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Non-sporting Sports

"Therefore, since we are surrounded by such a great cloud of witnesses, let us throw off everything that hinders and the sin that so easily entangles, and let us run with perseverance the race marked out for us."1

Once upon a time sports used to be sports. Kids would play together at every opportunity they had. When my boys were kids, they played roller-blade street hockey just about every evening for several years with the neighborhood kids—young and old, big and small alike—and rarely got into any scuffles. They supervised themselves without any parents pressuring them to score or win.

Later one of my boys played team ice hockey. Some of the parents were unbelievable. I even saw one father punch out another father. You've probably seen the same kind of thing as so many sports have become incredibly competitive—winning for too many has become everything.

If it weren't so serious, it would be rather funny or idiotic—or both. As Bill O'Reilly reported, "If there's one thing worse than a frustrated, would-be coach up in the stadium, it is perhaps an angry soccer Mom: Pattie A. of Greensboro, NC, really wanted her son to do well in soccer. Watching him play a game one day, she took offense at the referee's 'unfair' calls. She also took action: running out onto the field, she punched the official in the mouth. The official was ... 15 years old. Socking that kid didn't play well with the judge, who convicted this overeager soccer mom of assault. She was fined and ... banned from all soccer games for three years—a catastrophic punishment for a mother of this sort."2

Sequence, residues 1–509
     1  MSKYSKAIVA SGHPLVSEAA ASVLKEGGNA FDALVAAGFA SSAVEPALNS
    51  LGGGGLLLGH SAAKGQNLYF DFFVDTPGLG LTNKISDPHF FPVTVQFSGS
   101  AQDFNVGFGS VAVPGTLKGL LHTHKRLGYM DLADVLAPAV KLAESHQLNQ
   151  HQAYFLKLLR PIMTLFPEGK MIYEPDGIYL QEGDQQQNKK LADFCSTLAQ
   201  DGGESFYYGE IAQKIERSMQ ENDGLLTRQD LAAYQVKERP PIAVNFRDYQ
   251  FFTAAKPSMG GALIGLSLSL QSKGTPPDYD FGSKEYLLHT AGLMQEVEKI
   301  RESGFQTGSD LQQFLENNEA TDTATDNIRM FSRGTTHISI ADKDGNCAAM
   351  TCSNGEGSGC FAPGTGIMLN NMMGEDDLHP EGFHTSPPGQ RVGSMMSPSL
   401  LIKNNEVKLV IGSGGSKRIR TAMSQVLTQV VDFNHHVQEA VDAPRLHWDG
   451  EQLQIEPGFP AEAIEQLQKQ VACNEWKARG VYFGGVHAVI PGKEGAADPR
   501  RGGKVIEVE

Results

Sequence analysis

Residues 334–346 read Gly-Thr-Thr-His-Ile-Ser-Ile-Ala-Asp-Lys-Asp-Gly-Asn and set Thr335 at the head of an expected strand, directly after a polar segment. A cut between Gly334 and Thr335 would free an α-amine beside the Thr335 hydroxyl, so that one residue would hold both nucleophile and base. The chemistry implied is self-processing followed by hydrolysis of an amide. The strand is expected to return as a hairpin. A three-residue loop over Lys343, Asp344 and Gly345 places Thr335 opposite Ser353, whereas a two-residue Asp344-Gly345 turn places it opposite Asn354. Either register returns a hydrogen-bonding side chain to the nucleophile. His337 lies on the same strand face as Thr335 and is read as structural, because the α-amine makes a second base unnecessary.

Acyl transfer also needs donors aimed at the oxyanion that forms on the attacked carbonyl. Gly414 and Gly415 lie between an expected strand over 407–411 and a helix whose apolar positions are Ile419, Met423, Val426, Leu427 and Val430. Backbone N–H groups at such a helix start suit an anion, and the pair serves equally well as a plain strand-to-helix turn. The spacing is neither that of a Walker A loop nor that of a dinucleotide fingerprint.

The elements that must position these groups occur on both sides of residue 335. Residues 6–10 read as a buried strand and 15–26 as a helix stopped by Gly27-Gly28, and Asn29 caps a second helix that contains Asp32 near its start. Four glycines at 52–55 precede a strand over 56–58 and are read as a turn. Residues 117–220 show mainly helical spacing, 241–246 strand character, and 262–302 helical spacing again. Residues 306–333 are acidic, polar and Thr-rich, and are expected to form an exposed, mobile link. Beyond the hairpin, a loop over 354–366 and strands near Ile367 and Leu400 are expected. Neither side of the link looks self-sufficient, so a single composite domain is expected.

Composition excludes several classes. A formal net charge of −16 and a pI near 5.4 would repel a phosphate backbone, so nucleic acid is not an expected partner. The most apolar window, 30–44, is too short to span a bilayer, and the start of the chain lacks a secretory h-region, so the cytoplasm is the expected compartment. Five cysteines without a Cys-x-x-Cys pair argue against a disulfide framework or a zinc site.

It's sad that many sports today seem to have little, if any, character-building characteristics. Winning isn't everything. It's nice to win but everybody can't win. There are always losers and if kids don't learn to be good losers, they are going to be in for some big shocks as adults. What is more important is teaching kids to enjoy playing the game and working together as a team. The same principle should apply to high school and college athletes as well.

It's we parents and adults who need to set the example, for we are the ones who have pressured our kids to perform, and more often than not, just to boost our own ego. In God's book, winning is doing right, doing our best, and persevering in the face of opposition and discouragement.

Suggested prayer: "Dear God, please help me to 'throw off everything that hinders and the sin that so easily entangles me, and help me to run with perseverance the race that You have marked out for me,' and thereby be a true winner in Your sight. Thank You for hearing and answering my prayer. Gratefully, in Jesus' name, amen."

1. Hebrews 12:1 (NIV).
2. The O'Reilly Factor, Bill O'Reilly, p. 115. Cited on:


All articles on this website are written by
Richard (Dick) Innes unless otherwise stated.